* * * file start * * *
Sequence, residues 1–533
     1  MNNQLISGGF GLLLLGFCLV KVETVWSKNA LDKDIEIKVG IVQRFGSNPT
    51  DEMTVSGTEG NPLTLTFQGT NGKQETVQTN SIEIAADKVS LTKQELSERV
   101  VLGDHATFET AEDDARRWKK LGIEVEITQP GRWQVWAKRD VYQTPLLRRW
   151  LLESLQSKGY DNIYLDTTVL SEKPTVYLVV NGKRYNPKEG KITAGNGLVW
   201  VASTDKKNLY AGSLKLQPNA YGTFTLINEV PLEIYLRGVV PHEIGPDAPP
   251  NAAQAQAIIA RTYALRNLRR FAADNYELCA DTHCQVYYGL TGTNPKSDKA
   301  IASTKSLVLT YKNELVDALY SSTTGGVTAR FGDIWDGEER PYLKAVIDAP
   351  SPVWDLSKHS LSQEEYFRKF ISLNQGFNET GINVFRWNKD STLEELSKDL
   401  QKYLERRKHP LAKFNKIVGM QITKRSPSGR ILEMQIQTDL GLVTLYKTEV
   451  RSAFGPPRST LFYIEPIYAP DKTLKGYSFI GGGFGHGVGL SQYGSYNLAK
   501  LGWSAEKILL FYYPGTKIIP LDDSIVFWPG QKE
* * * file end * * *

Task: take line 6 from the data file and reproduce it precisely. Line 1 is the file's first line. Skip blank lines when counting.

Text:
   201  VASTDKKNLY AGSLKLQPNA YGTFTLINEV PLEIYLRGVV PHEIGPDAPP